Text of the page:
To me, the four foundation issues for developing a great, successful sales management system are:
1. STRATEGIC PLANNING. Developing a strong, customer-focused selling strategy - your "game plan"- tells everyone on your team how you want the "game" to be played. You spell it out in detail from the point of greeting a customer to the point of saying goodbye. You have a detailed methodology for truly engaging each customer and each customer "type" such as first-time shoppers on a new home furnishings project, and "be-backs" (customers returning again on the same project) and for follow-up with those who do not purchase that day.
2. TRAINING and teaching specific behaviors and, based on your strategic plan, both off the floor in "practice sessions", and on the floor in-the-game. In other words you TRAIN and then COACH the "game". This should be the daily task of sales management in one-to-one retailing where all revenue moves through a personal interaction between salespeople and customers.
There is, of course. a high need for product training all the time and for additional strategic training around how to present each product to a customer. If you want it done a specific way, using specific words or phrases, write it down and practice, practice, practice. Don't leave anything up to individual "interpretation" - arm your salespeople with the right stuff.
3. COACHING in one-on-one sessions between sales managers (coaches) and salespeople (players). Coaching should be based on achievement of goals. Both goals - yours (the company goals, and theirs, for higher income and a better quality of life.
In too many companies in the retail furniture business - the top three principles owners and top level management people appear to use to "manage" salespeople are: 1. Intimidation, 2. Threat, and 3. Fear.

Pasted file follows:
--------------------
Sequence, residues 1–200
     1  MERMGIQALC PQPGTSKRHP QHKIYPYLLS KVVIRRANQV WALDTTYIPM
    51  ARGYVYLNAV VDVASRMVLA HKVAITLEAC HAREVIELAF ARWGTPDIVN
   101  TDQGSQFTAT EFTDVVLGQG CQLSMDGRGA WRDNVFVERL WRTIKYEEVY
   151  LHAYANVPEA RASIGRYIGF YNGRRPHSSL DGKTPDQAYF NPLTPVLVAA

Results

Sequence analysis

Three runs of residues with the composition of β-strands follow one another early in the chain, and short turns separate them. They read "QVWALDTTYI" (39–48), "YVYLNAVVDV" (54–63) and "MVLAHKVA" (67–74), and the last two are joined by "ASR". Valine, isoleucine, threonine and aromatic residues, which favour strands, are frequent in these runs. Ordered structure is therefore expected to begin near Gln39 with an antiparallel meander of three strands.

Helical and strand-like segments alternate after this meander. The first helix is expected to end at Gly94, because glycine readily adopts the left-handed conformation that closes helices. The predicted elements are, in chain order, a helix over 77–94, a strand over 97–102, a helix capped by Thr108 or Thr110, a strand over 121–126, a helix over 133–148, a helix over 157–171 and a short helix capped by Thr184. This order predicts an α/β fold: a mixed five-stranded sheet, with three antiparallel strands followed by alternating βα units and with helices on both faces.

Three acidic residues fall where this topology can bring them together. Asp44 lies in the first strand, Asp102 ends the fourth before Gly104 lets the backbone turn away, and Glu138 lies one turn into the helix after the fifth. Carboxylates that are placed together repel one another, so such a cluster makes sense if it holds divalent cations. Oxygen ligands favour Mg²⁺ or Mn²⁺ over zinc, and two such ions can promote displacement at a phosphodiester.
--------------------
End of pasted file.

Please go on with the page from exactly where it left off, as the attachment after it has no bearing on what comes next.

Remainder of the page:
Intimidation and threats come in the form of statements or conditions that state or imply outcomes such as: "If you don't sell (this much) you'll be fired. Or "if you are in arrears this much, you'll be fired." Fear, a human emotion that differs in effect among individuals , is the desired result of intimidation and threats with the expected conclusion that these things are what's required to "motivate" employees to perform better. "If they don't perform better, we'll get rid of them and get new ones" seems to be the "leadership" principle involved.
4. GETTING AND USING THE RIGHT METRICS
There are two foundation metrics that every furniture retailer has to know, and has to know them by individual salesperson - overall numbers are useless, but interesting. The two critical sales performance metrics are: Close Ratio and Average Sale. Of course in order to know your close ratio, you have to know your actual, accurate traffic count - in a one-to-one selling environment you must know exactly how many customer opportunities you get to serve over any time period.
Most furniture stores are not like Walmart where nearly everyone who enters the store makes a purchase, and can do so without interacting with any employee - even at checkout. Our business requires not only personal interaction, but high-quality interactions due to the nature of the purchases being made.
If you have a salesperson who closes 30% of the sales contacts she engages and another who closes only 20%, the variance in performance is 50%! So, if your store average is 20% close ratio, meaning you DON'T close 8 out of ten opportunities, closing only one more out of every ten raises your sales by 50%! Improving from 2 of ten to 3 of ten is a 50% improvement.
Without the customer traffic metrics you cannot know this and therefore cannot change it.
In any group of one-on-one sellers there will be a range of performance (ROP) among the staff, and it is here, in these metrics, that the opportunity for improvement lies. More on this next time.